Syncing Ink

(L-R) Elisha Lawson, Kara Young, McKenzie Frye, Nsangou Njikam, Nuri Hazzard, Adesola Osakalumi and DJ Reborn explore the essence of freestyle rap in Njikam’s "Syncing Ink" at the Flea Theater in Tribeca. Photo by Joan Marcus.

By Andrew Andrews

What we’re gonna do right here is go back, way back, back into time. 

To the time when hip hop was born from freestyle rappers spitting fire in the streets. To the time when you were in high school, desperate for respect and admiration and the attention of a beautiful someone. To the time when you were a freshman in college, reinventing yourself according to radical ideas, the likes of which you had never heard before. To the time when the Spirit called out to you, and waited for you to respond.

Everything about Syncing Ink, NSangou Njikam’s new coming-of-age story, takes us back to the old skool. From the simple, circular stage recalling the arrangement of freestyle rappers as they tried to out-rhyme each other on the street corners back in the early 1980s (as well as the circle that breakdancers form to protect their performance space), to the Kangol hats and shell-toe sneakers and Adidas sweat suits, to the posturing of high school adolescents, to the grandiose personas of college professors trying to convince their pupils that their word is bond. Njikam stars as Gordon, the goofball teen who can recite the great Black poets with ease but couldn’t bust a rhyme if his social status depended on it—and of course, it does, or we wouldn’t have a story here. Nuri Hazzard is his nemesis Jamal, not only the reigning fire-spitter but also competition for the attention of Mona Lisa (McKenzie Frye), the new girl with a coy smile and curves that all the young men can’t help but notice. Ice Cold (Elisha Lawson) straddles the line between friend and foe, wanting to help Gordon but afraid that doing so will affect his own position in the precarious pubescent pecking order. But perhaps the most powerful character here is actually Feminini-Tea (née Nefer-Tea-Tea, née Queen Tea, née Sweet Tea) played by Kara Young, the tiny giant who recognizes Gordon’s potential and has a bone to pick with Jamal. Adesola Osakalumi provides further encouragement as Gordon’s father (complete with a sweater and demeanor reminiscent of Cliff Huxtable) while DJ Reborn drops the beats and oversees the plot’s unfolding from above the stage as The Mutha, Oludumare, the supreme creator.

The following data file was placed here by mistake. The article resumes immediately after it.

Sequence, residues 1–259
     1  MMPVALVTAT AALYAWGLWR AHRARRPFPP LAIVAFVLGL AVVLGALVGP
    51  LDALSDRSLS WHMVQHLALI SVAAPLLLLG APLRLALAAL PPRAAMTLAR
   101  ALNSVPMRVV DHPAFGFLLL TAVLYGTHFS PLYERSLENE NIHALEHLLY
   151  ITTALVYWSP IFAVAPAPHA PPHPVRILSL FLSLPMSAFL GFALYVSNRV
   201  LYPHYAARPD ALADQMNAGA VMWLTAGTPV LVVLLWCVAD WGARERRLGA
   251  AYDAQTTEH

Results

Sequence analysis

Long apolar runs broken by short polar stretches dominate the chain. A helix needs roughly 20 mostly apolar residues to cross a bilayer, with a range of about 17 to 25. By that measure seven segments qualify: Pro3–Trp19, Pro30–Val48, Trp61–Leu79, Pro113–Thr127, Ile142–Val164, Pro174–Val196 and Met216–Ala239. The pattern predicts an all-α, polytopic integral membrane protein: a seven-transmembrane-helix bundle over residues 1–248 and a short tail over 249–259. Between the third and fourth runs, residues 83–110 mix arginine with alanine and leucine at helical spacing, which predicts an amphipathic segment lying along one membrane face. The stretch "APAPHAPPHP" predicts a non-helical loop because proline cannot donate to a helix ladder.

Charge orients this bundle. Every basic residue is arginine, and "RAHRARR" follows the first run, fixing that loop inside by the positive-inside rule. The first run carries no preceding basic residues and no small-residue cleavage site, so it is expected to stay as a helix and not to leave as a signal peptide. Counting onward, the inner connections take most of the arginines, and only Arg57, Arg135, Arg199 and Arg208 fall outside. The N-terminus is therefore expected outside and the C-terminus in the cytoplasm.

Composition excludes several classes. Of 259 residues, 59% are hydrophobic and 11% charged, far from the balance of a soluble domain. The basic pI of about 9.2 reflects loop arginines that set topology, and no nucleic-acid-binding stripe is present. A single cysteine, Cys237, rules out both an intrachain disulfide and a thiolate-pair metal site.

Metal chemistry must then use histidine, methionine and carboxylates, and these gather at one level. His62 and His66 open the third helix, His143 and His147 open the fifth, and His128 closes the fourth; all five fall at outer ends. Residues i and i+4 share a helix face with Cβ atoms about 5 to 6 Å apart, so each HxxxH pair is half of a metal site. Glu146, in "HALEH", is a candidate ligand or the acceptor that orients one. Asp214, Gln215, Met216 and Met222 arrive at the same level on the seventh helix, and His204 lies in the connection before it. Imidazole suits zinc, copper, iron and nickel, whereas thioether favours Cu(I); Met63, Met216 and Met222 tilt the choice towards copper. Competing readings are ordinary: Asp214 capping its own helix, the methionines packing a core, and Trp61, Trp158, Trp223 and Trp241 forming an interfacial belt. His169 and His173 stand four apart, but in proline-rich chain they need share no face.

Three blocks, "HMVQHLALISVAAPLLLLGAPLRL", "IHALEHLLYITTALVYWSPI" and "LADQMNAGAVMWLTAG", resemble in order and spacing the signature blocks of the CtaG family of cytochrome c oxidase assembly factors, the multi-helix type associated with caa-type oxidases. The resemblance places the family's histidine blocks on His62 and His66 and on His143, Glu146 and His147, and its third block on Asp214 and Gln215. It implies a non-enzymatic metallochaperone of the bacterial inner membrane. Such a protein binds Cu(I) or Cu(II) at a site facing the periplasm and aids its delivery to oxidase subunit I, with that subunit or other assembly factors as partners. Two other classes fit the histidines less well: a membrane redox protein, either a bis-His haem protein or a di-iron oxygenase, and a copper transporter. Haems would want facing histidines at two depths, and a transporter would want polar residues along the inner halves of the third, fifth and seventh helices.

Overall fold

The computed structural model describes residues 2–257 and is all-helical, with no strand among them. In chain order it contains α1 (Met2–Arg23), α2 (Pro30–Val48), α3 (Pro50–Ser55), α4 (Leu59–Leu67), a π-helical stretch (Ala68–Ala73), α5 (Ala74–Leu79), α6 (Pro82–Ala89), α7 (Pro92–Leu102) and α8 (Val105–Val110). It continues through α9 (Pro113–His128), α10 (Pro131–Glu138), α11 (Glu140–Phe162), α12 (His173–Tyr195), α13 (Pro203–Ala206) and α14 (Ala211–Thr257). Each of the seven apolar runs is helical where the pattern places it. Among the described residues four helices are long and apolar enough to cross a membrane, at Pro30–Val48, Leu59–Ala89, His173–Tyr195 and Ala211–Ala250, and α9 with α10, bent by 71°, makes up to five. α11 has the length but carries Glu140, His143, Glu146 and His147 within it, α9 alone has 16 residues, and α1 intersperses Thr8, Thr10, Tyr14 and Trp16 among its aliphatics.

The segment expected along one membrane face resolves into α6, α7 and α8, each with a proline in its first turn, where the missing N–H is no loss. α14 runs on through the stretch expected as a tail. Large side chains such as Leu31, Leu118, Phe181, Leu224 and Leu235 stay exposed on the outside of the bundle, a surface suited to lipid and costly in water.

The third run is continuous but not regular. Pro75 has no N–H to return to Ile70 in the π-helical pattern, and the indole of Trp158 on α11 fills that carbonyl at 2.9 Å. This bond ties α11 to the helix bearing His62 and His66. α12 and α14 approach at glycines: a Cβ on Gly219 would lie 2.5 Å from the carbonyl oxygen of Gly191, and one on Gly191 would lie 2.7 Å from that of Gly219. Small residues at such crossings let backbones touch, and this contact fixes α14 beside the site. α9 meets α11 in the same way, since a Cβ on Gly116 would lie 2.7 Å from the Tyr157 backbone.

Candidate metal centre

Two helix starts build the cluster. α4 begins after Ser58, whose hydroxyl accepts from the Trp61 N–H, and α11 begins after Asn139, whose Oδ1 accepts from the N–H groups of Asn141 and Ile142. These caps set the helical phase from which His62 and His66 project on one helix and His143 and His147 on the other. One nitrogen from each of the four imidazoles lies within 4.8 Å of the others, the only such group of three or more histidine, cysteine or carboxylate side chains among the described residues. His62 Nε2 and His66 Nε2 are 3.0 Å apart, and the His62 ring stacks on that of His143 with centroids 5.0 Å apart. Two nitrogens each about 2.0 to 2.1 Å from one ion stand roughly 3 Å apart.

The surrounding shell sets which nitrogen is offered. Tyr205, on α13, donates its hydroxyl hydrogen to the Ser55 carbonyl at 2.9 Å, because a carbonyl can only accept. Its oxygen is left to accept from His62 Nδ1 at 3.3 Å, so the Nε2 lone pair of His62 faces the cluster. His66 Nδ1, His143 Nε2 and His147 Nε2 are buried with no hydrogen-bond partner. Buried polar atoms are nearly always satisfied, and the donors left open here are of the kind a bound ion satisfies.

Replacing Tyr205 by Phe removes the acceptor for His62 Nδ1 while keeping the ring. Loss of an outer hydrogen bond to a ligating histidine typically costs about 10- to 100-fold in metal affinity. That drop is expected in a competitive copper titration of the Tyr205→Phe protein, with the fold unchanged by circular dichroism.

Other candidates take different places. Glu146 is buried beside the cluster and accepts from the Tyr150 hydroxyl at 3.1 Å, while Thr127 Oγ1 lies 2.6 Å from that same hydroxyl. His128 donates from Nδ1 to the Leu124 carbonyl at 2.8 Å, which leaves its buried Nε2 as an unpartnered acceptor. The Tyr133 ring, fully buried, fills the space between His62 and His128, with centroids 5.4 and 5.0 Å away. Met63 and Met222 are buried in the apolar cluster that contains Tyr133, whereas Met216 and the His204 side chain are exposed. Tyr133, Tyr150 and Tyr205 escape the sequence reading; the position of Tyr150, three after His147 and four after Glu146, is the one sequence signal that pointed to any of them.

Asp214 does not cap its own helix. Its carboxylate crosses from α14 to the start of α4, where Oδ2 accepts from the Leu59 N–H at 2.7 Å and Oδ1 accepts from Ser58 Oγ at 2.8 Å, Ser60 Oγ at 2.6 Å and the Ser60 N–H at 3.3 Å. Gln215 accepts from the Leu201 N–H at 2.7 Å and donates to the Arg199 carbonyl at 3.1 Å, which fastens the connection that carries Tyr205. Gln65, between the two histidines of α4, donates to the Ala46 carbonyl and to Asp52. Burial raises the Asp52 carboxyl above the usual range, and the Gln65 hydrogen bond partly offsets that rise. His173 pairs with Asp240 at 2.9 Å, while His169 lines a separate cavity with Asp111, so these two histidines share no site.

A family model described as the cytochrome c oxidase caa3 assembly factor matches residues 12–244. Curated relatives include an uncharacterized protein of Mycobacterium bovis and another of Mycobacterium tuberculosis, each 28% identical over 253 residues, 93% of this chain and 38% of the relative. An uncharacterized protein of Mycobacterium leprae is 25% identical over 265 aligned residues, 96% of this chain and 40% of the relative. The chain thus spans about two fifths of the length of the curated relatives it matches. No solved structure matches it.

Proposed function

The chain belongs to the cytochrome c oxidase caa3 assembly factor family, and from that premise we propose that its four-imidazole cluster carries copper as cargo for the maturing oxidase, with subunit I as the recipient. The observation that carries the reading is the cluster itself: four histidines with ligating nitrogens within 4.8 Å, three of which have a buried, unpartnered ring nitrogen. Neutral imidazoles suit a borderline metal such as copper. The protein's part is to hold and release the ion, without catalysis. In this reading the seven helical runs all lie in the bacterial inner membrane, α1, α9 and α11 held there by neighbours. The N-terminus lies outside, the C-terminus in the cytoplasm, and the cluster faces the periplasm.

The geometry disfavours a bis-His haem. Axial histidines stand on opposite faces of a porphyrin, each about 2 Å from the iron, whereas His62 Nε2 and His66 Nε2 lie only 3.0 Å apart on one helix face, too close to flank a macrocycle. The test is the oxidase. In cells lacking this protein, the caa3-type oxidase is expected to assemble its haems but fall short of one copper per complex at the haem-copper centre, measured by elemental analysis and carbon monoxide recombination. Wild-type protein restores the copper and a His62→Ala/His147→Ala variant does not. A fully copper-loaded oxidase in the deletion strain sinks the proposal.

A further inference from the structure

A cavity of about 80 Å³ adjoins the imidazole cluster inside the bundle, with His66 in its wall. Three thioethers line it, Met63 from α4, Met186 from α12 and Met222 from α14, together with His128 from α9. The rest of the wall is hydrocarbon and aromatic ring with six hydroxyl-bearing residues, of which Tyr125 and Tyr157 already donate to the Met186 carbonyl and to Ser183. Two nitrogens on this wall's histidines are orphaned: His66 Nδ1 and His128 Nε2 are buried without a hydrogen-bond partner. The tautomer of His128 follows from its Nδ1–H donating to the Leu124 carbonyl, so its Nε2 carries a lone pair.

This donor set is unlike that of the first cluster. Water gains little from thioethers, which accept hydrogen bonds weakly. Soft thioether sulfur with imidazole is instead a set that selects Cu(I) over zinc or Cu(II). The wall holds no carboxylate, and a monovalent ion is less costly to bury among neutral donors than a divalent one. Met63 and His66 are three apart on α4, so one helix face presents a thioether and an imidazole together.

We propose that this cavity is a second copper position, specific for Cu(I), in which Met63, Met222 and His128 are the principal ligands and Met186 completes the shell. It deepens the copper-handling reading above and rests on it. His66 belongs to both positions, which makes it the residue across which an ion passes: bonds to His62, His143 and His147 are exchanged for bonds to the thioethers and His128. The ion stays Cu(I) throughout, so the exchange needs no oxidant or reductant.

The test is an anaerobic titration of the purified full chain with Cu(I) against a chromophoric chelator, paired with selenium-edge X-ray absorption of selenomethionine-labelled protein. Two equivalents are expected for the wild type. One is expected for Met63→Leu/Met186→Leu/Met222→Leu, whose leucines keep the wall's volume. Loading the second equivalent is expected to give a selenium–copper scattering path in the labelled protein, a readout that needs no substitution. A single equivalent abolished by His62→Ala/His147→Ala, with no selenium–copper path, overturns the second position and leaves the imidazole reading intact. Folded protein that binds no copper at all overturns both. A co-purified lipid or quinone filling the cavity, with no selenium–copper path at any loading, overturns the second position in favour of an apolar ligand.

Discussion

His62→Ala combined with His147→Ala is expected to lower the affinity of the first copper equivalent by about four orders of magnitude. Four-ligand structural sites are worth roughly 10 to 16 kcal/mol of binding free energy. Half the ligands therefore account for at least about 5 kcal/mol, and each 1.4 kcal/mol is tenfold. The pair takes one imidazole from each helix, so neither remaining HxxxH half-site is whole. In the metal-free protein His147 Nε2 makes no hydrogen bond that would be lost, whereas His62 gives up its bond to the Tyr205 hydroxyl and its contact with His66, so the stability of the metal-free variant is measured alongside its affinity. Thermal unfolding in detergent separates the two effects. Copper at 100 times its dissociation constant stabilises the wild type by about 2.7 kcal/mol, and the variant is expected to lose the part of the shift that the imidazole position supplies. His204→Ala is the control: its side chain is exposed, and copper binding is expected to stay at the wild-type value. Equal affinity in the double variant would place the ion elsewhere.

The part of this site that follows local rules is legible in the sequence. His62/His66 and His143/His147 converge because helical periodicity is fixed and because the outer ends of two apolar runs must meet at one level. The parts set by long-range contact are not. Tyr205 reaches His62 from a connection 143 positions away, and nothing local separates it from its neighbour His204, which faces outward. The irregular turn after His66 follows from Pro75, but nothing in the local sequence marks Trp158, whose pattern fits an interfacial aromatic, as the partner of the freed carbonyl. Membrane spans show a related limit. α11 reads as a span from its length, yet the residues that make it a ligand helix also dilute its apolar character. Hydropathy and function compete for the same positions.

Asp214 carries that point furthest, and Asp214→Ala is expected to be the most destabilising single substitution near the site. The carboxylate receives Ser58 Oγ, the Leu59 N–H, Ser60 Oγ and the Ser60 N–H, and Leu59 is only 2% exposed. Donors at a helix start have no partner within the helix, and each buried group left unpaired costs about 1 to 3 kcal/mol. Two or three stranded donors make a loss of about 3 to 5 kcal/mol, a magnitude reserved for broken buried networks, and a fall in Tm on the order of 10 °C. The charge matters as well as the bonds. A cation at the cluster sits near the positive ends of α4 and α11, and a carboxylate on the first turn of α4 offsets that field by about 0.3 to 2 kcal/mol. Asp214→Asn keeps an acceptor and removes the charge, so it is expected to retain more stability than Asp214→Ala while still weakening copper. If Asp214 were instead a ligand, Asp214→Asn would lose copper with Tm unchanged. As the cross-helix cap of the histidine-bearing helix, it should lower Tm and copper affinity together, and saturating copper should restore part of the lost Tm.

Syncing Ink will do much more than take you back, however. It will make you dance in your seat. It will make you laugh—a lot. And it will make you throw yo’ hands in the air, and wave ’em like you just don’t care! All of which makes this not only the most energetic performance we’ve attended since MAKBET, but also the most fun we’ve had at a show since The Play That Goes Wrong—and given the much lower price of admission, that makes Syncing Ink the far better value! So check it out, then come back here and let us know what you thought. Whether it takes you back like us or you simply can’t relate, your reviews help others decide whether they should attend, and your ratings help us help you find events and activities you’ll love!

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Andrew Andrews attended Syncing Ink at Flea Theatre in New York on Friday, October 6, 2017 @ 7:00pm to write this review.

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